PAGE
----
Epithelial tissue forms the covering of the body and organs. Its main function is to offer protection and separation from the environment. Connective tissue binds, connects, and cushions the body. Muscle tissue is for contraction and movement. Nervous tissue is for communication. The table below details the different functions of the four tissues in the body and examples.
|Epithelial||Cover and protect||Skin|
|Connective||Connect and cushion||Fat|
|Muscle||Movement and contraction||Cardiac muscle|
Cellular Level of Organization
Cells are the basic structural units of living matter. Most cells in the human body contain one or more nuclei, which hold the genetic instructions for the cell's structure and function. There are several main functions of cells in the body including absorbing nutrients and converting food into energy through the process of cellular respiration. There are over 200 cell types in the human body. Some examples of cells at the cellular level of organization include:
Cells are considered the basic units of life because they are self-sustaining. All cells are capable of making more of themselves through cell division. The information needed for cellular structure and function is coded for in the DNA. In eukaryotic cells, like human cells, DNA is enclosed in an organelle called the nucleus. Cells also have other organelles as well, such as ribosomes for making protein, mitochondria for making energy, the Golgi apparatus for sorting proteins and more. Different cells have different compositions of organelles depending on their job inside the body. For example, cardiomyocytes or heart cells, have lot of mitochondria because they need to make energy to contract and keep the heart beating. Hepatocytes, or liver cells, have lots of smooth endoplasmic reticulum to help the liver detoxify the body.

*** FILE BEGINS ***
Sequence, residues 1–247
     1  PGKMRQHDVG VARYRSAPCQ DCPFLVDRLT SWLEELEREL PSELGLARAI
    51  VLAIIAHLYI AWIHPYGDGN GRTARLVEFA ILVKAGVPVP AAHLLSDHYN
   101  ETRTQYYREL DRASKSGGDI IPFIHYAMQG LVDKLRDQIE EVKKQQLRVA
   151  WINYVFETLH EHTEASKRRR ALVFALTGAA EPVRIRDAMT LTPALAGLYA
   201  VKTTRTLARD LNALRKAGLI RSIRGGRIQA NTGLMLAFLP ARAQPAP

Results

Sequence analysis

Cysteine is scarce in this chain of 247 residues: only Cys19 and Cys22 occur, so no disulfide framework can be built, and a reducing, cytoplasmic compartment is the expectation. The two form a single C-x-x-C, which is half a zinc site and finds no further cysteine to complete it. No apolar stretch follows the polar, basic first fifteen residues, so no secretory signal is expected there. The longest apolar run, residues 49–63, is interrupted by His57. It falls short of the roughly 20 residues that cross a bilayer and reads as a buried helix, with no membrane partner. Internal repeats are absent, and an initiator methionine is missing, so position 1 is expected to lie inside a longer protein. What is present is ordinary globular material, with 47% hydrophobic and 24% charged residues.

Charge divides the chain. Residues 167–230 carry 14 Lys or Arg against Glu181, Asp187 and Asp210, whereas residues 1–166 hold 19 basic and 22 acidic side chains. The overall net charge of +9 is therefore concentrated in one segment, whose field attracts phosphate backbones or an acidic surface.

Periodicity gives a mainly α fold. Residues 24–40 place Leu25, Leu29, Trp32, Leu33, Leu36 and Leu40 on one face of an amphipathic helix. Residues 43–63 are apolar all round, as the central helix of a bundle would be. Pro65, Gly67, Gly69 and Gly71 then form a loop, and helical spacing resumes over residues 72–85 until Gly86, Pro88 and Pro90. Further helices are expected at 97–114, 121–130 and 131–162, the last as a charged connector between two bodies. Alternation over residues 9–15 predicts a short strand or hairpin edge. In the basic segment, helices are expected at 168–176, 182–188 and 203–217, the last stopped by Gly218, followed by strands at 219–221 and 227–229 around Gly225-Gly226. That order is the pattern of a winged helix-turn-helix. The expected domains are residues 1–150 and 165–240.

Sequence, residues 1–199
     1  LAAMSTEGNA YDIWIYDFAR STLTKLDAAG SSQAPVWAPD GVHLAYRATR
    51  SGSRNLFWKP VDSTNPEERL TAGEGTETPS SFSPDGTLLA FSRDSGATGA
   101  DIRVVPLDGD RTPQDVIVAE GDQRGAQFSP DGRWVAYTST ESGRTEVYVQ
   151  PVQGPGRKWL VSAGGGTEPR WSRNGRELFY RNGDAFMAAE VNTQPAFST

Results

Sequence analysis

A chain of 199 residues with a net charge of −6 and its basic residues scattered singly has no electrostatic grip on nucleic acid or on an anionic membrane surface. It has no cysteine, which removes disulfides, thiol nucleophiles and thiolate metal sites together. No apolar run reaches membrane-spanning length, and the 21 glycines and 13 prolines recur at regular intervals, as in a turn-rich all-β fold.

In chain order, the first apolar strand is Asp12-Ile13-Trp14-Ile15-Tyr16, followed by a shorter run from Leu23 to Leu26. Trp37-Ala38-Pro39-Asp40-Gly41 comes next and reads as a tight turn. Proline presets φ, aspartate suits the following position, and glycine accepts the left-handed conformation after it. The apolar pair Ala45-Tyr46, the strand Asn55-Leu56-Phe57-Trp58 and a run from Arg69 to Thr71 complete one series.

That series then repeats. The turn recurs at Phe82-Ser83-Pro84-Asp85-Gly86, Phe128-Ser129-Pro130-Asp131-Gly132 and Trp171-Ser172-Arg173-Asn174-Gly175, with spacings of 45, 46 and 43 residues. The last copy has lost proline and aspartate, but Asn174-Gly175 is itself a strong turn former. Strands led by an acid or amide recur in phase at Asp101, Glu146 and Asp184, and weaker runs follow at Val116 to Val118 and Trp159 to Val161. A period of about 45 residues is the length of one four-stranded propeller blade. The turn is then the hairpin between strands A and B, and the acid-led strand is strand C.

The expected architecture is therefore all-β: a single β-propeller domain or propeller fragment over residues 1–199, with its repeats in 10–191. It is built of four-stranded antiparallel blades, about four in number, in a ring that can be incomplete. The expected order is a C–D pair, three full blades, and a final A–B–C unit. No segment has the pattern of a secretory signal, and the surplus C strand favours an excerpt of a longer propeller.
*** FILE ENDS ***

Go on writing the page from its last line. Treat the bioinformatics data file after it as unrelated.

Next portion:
Sub-Atomic, Atomic, and Molecular Level
Beneath cells are molecules, which are made of atoms, which are made of sub-atomic particles. Cells are made of many types of molecules, but there are four macromolecules that make up most of the cellular structure:
- Nucleic acids
These molecules are made of different types of atoms. grouped together by chemical reactions. For example, hydrogen and water can be combined to make water.
Atoms are composed of subatomic particles. Each atom has a nucleus made of positively charged protons and neutral sub-atomic particles called neutrons. Electrons are smaller, negatively charged subatomic particles that orbit the nucleus.
The levels of organization from the most complex to least complex in the human body are summarized in the table below:
|Atoms||Made of subatomic particles||Carbon|
|Molecules||Made of atoms||Water|
|Cells||The basic units of life, made of molecules||Cardiomyocyte|
|Tissues||Units of one type of cell that do a job. There are four tissue types in the body.||Epithelial, Connective, Muscular, Nervous|
|Organs||Units made of multiple tissues that perform an independent function||Heart|
|Organ system||Groups of organs that work together to perform a function||Cardiovascular system|
|Organism||A single living thing made of multiple organ systems, organs, tissues and cells||Human|
Cells are the basic units of life and make up all living things. The human body has many types of cells that are arranged into four distinct tissues. These tissues form organs, which perform a specific job in the body. Organs work together in organ systems, which form an organism.
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What are the six levels of organization in the body from simplest to most complex?
The six levels of organization in the body from simplest to most complex are:
- Organ system
What are the 12 levels of biological organization?
The twelve levels of biological organization are:
- Organ systems